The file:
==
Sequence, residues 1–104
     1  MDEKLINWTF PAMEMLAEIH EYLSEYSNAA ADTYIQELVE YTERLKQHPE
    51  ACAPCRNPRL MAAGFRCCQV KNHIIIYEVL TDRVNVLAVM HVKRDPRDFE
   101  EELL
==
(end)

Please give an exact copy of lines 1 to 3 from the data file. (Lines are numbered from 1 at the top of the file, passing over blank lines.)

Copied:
Sequence, residues 1–104
     1  MDEKLINWTF PAMEMLAEIH EYLSEYSNAA ADTYIQELVE YTERLKQHPE
    51  ACAPCRNPRL MAAGFRCCQV KNHIIIYEVL TDRVNVLAVM HVKRDPRDFE